John and Elizabeth Heath had not gotten along for a quite some time. On April 1, 1984 Elizabeth disappeared from their home at 89 Poverty Hill Road in Newtown, Connecticut. John ultimately went to the police station on the 4th to make a missing person’s report. He claimed that she had likely run away with another man with only the clothes on her back and $600 in cash. Next, he said he had been looking for her and calling her friends and family. Eventually, John turned the search over to the authorities. A month later, he told the police that his mother he had seen her drive up to the house, then get back in a car again and drive away. It seemed like a logical story. Years went by, and Elizabeth was never heard from again.
John went on to marry their daughter’s caretaker, Raquel Figueroa, and things settled down a bit. They lost the house to foreclosure in 2005 and moved to a nearby town where John was considered a quiet man. There remained a deep, dark secret was waiting for the covers to be pulled away — and that would happen sooner than John had hoped.
Bargain basement price with a buried secret.
Jordan Wright bought the Heath property out of foreclosure in 2007, and set about fixing it up. A barn was on the property, which had been upgrade with two apartments — one on the top floor and one in the basement. After renovating the house, Jordan and his father turned their attention to the large barn. The four bedroom top floor apartment was fixed up first, and rented out.
By April of 2010, they were ready to begin fixing up the basement efficiency apartment. There was a water damage stain on the floor, so they decided to start there first. They tore out the flooring, found it moldy and rotten, and so began ripping out the under floor as well. Then, they found a concrete dry well under the floor. Inside the shallow well, under some bedding were garbage bags. As they lifted one bag up, a bone poked through the plastic and Jordan’s father, a medical doctor, identified it as a human femur. They called 911. Their remodeling project had just turned into a crime scene.
The evidence speaks out: testimony from the grave.
Once the body was exhumed, forensic pathologist H. Wayne Carver began putting the pieces together. Dental records confirmed that the remains belonged to Elizabeth. The investigation heated up and more evidence began appearing. Detectives were given a photo by a Heath family friend of the couple, in front of bedding identical to the comforter which wrapped the bones in the cellar. Family and friends recalled a bad smell from the basement, which John had explained “must have been from some wild critter crawling down there to die”.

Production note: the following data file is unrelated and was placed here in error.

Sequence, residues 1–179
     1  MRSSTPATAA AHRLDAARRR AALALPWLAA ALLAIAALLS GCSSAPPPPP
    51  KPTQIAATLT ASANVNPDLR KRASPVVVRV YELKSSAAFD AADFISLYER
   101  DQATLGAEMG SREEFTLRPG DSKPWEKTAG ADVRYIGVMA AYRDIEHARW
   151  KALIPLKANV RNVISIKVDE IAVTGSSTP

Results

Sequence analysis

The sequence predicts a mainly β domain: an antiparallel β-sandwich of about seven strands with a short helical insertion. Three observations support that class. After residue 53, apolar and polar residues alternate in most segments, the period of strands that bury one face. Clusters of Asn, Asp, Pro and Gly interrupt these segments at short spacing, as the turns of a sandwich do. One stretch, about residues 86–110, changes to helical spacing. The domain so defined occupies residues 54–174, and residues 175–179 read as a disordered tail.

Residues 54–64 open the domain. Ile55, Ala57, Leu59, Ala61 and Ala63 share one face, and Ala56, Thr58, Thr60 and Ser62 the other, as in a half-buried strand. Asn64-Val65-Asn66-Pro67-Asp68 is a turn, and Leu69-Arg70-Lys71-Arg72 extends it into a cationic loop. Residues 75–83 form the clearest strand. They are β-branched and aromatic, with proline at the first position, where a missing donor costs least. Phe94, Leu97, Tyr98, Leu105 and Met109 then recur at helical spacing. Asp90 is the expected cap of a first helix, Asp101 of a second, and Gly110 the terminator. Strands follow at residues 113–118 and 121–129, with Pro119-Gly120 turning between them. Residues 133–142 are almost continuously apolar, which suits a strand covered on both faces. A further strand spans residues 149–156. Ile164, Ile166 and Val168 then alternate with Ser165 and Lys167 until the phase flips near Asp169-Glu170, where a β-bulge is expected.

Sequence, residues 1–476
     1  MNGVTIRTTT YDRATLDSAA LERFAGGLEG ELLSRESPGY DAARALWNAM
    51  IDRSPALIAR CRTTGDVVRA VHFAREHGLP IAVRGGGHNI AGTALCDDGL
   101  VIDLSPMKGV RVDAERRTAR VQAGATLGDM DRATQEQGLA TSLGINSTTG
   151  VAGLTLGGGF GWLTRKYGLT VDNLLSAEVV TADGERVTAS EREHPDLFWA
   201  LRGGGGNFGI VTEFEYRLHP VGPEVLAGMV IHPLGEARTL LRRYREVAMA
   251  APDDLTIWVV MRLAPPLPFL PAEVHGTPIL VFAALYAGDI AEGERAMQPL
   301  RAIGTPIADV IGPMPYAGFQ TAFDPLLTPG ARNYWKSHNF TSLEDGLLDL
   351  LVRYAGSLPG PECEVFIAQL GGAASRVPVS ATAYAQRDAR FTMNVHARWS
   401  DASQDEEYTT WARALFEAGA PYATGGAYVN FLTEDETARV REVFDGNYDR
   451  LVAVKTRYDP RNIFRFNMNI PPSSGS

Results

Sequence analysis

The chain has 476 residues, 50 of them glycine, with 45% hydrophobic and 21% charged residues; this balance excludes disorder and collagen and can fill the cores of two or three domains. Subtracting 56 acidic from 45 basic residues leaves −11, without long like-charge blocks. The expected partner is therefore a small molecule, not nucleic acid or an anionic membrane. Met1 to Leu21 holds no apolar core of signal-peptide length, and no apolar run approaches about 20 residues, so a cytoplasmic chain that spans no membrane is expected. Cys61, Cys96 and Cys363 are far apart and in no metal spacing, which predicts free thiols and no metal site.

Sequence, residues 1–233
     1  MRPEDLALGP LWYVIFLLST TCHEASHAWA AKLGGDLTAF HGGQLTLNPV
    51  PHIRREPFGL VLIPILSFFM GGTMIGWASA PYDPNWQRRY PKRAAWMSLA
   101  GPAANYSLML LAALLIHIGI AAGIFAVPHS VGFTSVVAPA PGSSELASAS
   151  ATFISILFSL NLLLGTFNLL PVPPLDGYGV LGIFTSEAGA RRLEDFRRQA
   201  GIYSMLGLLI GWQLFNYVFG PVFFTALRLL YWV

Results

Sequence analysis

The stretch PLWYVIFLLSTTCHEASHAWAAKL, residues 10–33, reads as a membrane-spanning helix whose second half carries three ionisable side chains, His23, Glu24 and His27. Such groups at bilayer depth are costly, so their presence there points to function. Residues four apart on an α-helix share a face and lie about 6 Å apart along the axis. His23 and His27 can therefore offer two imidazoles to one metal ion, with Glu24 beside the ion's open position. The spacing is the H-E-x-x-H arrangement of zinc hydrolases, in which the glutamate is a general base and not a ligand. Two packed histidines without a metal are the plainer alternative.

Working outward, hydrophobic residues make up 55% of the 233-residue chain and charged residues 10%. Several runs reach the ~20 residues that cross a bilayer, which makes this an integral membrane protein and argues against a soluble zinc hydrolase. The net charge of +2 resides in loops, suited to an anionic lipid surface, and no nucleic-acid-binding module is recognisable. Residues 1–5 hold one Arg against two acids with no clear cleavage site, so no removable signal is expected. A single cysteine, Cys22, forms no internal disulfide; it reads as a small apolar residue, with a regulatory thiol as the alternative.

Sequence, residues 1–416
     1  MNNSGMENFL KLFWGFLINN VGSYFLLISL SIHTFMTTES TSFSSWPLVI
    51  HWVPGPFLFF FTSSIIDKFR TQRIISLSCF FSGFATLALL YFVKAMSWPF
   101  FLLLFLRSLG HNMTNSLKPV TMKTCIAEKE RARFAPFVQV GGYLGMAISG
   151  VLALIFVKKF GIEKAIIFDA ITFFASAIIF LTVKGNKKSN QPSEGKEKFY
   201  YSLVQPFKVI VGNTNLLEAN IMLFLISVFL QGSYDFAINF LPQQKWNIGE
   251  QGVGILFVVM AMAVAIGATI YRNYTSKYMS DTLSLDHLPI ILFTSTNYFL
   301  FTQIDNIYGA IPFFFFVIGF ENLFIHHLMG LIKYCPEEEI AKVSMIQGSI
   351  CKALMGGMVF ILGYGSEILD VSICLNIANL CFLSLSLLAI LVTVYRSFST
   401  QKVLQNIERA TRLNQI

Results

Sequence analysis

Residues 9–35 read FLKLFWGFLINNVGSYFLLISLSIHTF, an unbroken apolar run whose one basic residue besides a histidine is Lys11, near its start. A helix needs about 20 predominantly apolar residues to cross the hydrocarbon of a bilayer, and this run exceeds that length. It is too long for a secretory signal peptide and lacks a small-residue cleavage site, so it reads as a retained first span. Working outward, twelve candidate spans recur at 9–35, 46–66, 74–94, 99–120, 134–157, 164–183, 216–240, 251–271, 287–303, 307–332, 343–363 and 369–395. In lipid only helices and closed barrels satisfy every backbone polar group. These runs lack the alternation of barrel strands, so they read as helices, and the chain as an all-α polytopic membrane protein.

Two years after the discovery, John was charged with murder and the case went to trial.
It was the bones themselves which painted the darkest picture of Elizabeth’s last day. In a dramatic courtroom session, Dr. Carver began showing pictures of the skeleton and testifying about the extraordinary injuries.
The first slide was of shattered pieces of a skull. Dr. Carver testified that the face had been severely beaten: the top of the head took at least four hard blows with a blunt object. The jaw had been broken off –- “amputated by a severe blow”. Dr. Carver said that it would have taken a lot of force to do that much harm.
The blows rained down onto her shoulders with one shoulder blade shattered, which was considered to be a “very unusual injury’. Her broken left forearm told the jury that she had tried to protect herself, to no avail.
Under cross examination by the defense attorney, Dr. Carver testified that Elizabeth had been alive when her forearm was broken, but admitted that it was possible that some of the injuries could have occurred post mortem, or while her body was being stuffed into the little dry well — except for the fatal head blows.
A cold case: a hidden body in cold storage.
Right after her disappearance, there were suspicions that John Heath had not told the truth. The couple had begun a contentious divorce, and, as it turned out, the husband was engaged in an affair with their daughter’s caregiver. Her family told investigators that Elizabeth would never have left her young daughter behind, and she was a responsible person. Even though her husband painted her as a drug addict, there was never any evidence of that sort. Still, without clear evidence and “without a body”, there was never a case.
All of the cards fell into place with Jordan’s accidental discovery 26 years after the entombment. The defense tried to blame it on someone else, but in a recording during an interrogation, John told investigators that only he, his wife and sleeping daughter were in the house on the night Elizabeth was last seen.
On October 16, 2013, 70-year-old John Heath was convicted by a 12-member jury of first degree murder. After 29 years under flooring in an old barn, wrapped in bedding and garbage bags, broken into pieces and dumped head first in a sealed dry well, Elizabeth Heath was finally able to tell her story.
Your turn: Do you have any strange murder stories you’d like to tell us about? Have more information about this case that you’re finding difficult to keep to yourself? Let us know in the comments, we’d love to hear from you.